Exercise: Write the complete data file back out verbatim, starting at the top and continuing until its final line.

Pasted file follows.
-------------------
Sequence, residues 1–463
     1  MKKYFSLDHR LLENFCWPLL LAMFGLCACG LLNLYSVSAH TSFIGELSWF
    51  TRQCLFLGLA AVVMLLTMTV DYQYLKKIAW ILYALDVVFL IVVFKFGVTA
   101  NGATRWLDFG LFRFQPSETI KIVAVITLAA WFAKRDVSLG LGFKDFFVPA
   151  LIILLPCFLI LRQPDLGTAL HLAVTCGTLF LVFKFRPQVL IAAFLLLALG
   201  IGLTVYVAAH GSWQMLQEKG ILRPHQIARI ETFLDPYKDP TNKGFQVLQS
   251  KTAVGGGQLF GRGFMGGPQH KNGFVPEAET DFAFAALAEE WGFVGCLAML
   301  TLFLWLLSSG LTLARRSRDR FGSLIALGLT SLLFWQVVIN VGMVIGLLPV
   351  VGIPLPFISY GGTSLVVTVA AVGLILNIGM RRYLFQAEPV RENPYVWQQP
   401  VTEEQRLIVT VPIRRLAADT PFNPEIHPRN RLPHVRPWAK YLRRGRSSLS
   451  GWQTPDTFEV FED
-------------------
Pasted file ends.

Sequence, residues 1–463
     1  MKKYFSLDHR LLENFCWPLL LAMFGLCACG LLNLYSVSAH TSFIGELSWF
    51  TRQCLFLGLA AVVMLLTMTV DYQYLKKIAW ILYALDVVFL IVVFKFGVTA
   101  NGATRWLDFG LFRFQPSETI KIVAVITLAA WFAKRDVSLG LGFKDFFVPA
   151  LIILLPCFLI LRQPDLGTAL HLAVTCGTLF LVFKFRPQVL IAAFLLLALG
   201  IGLTVYVAAH GSWQMLQEKG ILRPHQIARI ETFLDPYKDP TNKGFQVLQS
   251  KTAVGGGQLF GRGFMGGPQH KNGFVPEAET DFAFAALAEE WGFVGCLAML
   301  TLFLWLLSSG LTLARRSRDR FGSLIALGLT SLLFWQVVIN VGMVIGLLPV
   351  VGIPLPFISY GGTSLVVTVA AVGLILNIGM RRYLFQAEPV RENPYVWQQP
   401  VTEEQRLIVT VPIRRLAADT PFNPEIHPRN RLPHVRPWAK YLRRGRSSLS
   451  GWQTPDTFEV FED